US DEA ‘Actually Wants’ Criminals to Keep Using Bitcoin
‘I Want Them To Keep Using Them’
Speaking to Bloomberg August 7, Lilita Infante, who takes part in the agency’s 10-person Cyber Investigative Task Force, said investigators had “a lot of tools” to monitor criminal activity thanks to Blockchain.
“The blockchain actually gives us a lot of tools to be able to identify people,’’ she told the publication.
I actually want them to keep using [cryptocurrencies].’
Bitcoin has long faced claims by critics that criminals from drug traffickers to money launderers benefit from its existence, and regulators should take steps to monitor and even restrict the freedom to use it for the good of public security.
Presenting the results of recent DEA research, however, Infante revealed that the percentage of Bitcoin transactions tied to criminal activity had dropped from 90 percent in 2013 to just 10 percent in 2018.
Asset Traders Not Kidney Traders
At the same time, she acknowledged, the overall number of transactions has exploded.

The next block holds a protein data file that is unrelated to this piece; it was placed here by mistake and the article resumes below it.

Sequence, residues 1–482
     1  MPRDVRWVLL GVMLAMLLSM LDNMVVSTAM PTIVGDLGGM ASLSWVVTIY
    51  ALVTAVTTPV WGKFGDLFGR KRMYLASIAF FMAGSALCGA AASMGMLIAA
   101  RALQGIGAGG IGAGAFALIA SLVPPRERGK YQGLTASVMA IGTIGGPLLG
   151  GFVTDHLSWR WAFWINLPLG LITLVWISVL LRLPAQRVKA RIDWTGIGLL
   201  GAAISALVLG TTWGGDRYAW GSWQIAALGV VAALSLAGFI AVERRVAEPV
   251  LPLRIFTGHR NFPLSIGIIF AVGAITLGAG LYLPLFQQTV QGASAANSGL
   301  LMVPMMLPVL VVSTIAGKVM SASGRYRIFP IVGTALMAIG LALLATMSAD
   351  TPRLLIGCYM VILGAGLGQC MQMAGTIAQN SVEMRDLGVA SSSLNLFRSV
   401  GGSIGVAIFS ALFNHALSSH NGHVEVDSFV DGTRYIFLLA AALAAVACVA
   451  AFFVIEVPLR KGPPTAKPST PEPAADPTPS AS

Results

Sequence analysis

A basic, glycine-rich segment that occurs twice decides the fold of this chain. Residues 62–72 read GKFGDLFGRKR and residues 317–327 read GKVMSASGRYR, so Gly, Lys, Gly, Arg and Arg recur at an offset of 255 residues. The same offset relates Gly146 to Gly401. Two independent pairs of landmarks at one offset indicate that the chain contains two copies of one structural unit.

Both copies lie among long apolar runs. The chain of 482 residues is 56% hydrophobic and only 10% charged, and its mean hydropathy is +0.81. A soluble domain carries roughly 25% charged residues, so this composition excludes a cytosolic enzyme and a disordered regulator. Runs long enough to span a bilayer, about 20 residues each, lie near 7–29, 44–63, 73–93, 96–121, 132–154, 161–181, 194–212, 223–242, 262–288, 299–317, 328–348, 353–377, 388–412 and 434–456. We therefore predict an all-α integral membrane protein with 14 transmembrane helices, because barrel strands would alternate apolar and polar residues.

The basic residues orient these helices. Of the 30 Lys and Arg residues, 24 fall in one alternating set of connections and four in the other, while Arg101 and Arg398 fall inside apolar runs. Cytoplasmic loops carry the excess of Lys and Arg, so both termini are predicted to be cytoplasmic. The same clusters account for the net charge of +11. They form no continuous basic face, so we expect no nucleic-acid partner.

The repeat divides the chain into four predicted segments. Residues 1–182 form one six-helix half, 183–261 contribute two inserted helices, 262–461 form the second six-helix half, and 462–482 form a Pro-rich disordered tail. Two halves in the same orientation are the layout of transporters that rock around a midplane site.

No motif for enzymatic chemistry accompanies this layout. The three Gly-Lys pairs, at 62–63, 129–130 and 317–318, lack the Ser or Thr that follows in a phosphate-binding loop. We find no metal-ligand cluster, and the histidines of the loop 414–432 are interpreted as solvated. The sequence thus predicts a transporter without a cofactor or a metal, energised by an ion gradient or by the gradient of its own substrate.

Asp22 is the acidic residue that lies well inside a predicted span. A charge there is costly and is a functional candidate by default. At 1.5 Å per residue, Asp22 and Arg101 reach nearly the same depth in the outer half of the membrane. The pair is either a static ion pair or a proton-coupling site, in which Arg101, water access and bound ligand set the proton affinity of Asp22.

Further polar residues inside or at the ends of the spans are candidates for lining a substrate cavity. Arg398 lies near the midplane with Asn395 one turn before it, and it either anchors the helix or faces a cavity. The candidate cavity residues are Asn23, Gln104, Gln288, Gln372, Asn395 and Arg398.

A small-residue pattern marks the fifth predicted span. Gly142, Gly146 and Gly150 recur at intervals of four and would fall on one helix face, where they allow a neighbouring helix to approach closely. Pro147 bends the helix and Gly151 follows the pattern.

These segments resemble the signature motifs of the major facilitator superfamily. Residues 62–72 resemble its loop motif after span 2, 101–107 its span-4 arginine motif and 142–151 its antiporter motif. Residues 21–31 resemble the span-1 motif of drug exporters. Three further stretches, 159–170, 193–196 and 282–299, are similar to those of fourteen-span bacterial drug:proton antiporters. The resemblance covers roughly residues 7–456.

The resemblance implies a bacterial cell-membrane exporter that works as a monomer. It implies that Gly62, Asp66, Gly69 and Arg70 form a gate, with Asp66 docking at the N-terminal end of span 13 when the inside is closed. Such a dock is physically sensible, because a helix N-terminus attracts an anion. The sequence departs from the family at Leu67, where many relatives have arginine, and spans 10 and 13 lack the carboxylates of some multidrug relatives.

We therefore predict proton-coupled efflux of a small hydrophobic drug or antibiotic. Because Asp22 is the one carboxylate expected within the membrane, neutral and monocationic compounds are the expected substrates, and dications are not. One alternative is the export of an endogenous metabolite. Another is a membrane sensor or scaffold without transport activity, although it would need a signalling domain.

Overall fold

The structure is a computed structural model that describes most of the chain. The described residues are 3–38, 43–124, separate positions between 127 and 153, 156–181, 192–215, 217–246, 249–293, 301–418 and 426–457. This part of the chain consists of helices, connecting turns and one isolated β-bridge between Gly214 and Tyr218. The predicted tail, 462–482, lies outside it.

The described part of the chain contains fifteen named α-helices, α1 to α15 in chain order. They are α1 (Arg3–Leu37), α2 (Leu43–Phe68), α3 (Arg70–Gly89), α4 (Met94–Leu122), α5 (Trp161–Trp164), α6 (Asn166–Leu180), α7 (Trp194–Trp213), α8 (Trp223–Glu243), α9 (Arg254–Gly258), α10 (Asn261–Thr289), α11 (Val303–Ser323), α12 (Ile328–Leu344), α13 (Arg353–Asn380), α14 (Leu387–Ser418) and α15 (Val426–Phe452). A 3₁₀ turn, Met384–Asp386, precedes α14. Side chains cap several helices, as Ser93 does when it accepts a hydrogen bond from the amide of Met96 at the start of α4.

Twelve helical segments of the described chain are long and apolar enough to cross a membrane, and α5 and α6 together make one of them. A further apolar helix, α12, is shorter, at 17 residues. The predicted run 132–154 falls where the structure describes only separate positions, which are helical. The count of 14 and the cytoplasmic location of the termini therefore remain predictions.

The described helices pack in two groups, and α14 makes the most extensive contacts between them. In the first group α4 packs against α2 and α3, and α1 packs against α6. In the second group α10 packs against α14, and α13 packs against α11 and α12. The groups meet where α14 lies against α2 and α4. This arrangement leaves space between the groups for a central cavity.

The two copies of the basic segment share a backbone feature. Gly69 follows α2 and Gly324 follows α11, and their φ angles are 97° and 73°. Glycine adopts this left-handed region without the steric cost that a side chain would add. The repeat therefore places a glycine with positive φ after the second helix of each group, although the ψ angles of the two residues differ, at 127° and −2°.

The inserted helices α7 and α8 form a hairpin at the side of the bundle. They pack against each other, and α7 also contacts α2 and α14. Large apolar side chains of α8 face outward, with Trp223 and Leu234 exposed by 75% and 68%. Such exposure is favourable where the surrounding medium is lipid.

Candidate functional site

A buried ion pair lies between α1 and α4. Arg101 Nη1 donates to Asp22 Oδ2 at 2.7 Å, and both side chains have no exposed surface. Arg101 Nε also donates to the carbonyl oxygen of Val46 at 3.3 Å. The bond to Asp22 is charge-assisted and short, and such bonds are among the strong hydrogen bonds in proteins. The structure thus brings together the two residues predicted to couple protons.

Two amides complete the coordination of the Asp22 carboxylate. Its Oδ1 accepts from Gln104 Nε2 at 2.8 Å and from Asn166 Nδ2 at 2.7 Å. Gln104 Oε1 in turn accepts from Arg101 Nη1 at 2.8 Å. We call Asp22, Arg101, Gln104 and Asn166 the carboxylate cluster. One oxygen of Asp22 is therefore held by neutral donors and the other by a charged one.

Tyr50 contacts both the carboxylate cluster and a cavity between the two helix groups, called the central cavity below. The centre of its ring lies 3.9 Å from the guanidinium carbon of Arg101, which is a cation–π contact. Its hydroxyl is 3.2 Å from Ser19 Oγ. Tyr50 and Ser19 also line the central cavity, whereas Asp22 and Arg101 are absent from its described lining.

“The volume has grown tremendously, the amount of transactions and the dollar value has grown tremendously over the years in criminal activity, but the ratio has decreased,’’ she continued.
The majority of transactions are used for price speculation.’
Speaking about altcoins, specifically Monero and Zcash, whose privacy-focused technology has likewise come in for flack from naysayers, Infante said that even these were not beyond the DEA’s radar.
“We still have ways of tracking them,” she added.
More recently meanwhile, it is that price speculation which has given regulators a new headache.
Taxation, for example, has become a focus for US authorities looking to close loopholes about gains from trading, something which the vast majority of US residents do not report. Coinbase, the country’s largest exchange, has faced a lengthy legal struggle with tax collectors over access to user data.
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